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Selectively Running Systems in Scenes with Unity ECS

Learn how to selectively run jobs only in certain scenes with Unity ECS.


Created on November 4, 2019. Last updated on January 19, 2020.

Video of projectile motion demonstration with Unity DOTS.

Some of the code in this tutorial is used in my Unity demos on GitHub! 👀 Specifically, this is how I make Projectile components only get added to entities in the demo scene for my Projectile Motion with Unity DOTS tutorial.

One Approach

The most common and idiomatic way to control which systems, whether ComponentSystems or JobComponentSystems, inflict a performance impact upon a given scene, is indirect: component data therefore becomes scene-based. For instance, if a system only processes entities when they include a SceneAComponent, then you could restrict processing to a so-called SceneA. We'll define a data-less SceneAComponent, which effectively serves as a "component tag."

public struct SceneAComponent : IComponentData { }

Now we can restrict processing only to entities that have said tag like so:

struct SomeSceneAJob : IJobForEachWithEntity<SomeComponent>

RequireComponentTag does exactly as the naming implies. It's just an expressive way to say that a component is strictly for querying certain entities—this is an inexpensive check for existence. Alternatively, by using the ForEach.Entities syntactic sugar:

return Entities
    .ForEach((ref SomeComponent someComponent) =>

In that case we process any entity that has a SceneAComponent by way of WithAny. We can even perform negations! We could say WithNone(SceneBComponent), for example, meaning, "I don't want to process any entities that have SceneBComponent."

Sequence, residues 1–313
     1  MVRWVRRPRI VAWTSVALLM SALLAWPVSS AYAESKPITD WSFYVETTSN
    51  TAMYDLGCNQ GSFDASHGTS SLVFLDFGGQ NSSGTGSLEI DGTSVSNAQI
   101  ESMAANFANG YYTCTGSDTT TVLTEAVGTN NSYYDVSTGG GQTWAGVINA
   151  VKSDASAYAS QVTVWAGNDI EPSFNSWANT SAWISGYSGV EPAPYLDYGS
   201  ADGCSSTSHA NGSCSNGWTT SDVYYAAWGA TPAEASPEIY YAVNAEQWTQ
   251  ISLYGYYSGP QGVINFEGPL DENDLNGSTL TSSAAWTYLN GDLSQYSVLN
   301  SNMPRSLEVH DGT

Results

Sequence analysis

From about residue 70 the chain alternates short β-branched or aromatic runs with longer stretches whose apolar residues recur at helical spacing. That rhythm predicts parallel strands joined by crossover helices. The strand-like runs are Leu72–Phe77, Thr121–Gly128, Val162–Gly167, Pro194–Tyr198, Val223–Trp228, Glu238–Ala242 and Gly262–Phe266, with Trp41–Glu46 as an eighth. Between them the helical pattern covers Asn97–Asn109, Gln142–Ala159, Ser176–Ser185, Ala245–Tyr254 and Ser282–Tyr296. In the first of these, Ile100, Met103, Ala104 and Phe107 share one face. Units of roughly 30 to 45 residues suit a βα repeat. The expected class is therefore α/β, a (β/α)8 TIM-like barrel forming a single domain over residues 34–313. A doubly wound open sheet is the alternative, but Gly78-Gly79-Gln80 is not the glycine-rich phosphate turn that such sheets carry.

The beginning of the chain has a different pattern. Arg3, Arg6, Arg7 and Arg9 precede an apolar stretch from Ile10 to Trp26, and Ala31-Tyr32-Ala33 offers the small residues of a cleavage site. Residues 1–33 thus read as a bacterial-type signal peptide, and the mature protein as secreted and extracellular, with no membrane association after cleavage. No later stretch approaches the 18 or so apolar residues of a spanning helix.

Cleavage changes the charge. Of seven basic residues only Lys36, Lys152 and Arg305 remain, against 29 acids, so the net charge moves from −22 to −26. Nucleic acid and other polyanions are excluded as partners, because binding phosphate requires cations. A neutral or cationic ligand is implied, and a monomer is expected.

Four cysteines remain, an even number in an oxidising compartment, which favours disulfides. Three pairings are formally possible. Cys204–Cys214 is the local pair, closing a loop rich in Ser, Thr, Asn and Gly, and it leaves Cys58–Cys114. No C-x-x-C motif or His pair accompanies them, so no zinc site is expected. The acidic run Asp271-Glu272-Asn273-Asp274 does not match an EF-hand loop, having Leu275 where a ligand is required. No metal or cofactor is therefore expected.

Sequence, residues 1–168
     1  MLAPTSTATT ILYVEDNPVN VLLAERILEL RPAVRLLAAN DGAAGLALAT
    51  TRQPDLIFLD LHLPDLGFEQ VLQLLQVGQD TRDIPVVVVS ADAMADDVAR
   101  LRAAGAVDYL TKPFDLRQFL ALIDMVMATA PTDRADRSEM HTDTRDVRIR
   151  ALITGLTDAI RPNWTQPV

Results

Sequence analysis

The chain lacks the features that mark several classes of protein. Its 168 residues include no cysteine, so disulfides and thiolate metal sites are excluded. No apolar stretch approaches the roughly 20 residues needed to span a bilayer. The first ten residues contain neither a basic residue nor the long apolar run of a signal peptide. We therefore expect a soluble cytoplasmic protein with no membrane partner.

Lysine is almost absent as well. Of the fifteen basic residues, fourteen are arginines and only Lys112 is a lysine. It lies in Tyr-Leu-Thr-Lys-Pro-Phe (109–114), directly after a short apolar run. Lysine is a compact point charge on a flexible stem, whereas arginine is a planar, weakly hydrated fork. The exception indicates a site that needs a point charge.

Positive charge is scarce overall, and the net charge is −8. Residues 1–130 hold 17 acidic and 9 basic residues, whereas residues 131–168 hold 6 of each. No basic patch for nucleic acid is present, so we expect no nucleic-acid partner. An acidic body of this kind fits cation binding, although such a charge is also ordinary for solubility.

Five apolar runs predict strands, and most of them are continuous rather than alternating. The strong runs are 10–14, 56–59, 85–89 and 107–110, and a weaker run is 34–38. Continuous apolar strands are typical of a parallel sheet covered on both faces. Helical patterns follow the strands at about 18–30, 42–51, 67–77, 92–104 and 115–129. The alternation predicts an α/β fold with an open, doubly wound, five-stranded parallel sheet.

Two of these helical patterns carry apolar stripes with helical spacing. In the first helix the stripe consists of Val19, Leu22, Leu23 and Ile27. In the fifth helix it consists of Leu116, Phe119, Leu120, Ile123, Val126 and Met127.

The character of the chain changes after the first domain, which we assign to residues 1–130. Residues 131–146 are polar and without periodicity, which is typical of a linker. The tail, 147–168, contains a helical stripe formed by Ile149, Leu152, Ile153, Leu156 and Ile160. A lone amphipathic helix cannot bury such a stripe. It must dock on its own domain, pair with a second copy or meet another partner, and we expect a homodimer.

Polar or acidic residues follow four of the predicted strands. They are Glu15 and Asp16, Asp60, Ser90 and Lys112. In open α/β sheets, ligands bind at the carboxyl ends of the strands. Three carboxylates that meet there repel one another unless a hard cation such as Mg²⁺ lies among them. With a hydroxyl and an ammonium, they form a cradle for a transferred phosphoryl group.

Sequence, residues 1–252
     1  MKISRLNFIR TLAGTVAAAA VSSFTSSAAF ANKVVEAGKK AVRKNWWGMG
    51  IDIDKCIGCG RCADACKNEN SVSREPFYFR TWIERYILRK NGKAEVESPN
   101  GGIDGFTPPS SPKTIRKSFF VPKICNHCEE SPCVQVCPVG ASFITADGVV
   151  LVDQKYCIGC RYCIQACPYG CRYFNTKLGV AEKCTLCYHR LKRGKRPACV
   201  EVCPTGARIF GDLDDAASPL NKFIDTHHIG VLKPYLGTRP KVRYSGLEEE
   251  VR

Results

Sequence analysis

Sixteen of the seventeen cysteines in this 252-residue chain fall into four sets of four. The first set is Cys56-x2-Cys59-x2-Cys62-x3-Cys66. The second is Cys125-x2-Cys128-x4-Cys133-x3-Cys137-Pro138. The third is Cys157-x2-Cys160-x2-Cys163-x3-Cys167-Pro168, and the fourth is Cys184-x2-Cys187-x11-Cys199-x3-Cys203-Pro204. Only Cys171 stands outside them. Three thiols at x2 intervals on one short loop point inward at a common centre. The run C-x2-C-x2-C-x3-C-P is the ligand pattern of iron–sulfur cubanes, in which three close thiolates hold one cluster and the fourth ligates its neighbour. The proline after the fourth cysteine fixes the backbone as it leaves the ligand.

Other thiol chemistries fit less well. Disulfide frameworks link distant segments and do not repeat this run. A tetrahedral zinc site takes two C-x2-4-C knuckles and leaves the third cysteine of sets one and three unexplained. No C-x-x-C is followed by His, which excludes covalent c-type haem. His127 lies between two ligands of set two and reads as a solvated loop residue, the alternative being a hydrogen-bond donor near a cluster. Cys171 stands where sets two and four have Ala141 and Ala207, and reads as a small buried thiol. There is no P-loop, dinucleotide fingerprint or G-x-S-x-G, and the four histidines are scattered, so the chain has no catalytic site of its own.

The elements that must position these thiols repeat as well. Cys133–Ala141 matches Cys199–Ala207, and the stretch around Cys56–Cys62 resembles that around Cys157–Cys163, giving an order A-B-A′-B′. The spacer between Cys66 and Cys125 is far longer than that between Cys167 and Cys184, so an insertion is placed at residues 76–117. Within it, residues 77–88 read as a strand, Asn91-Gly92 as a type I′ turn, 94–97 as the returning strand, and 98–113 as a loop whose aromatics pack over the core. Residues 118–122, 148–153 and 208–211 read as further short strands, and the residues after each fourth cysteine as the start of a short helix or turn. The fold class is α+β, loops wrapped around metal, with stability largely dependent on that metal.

A Different Approach

If you're still scratching your head, then maybe you have a situation where there are multiple scenes, and you want different variations of similar systems to operate on the same component data. No worries, there's a straightforward way to accomplish this without creating a bunch of data-less components everywhere as tags.

Basically, you can use the SceneManager to get the active scene, and then you conditionally schedule a job based on which scene you find. The import you want is UnityEngine.SceneManagement. Here's some example code of this approach:

class SomeSystem : JobComponentSystem
    public static readonly string SCENE_NAME = "SomeScene";

    protected override JobHandle OnUpdate(JobHandle inputDeps)
        if (
        ) return inputDeps;


We immediately return the input dependencies (inputDeps) if the SCENE_NAME is not what we want. Change SCENE_NAME to whatever (just make sure it's correct), and then the main thread will only schedule SomeJob if and only if the intended scene is running. You can easily adapt this to handle multiple scenes. This is an effective way to solve the problem with virtually no overhead.

Again, please check out my GitHub repo for working examples of these strategies being employed. Please star it if it helps.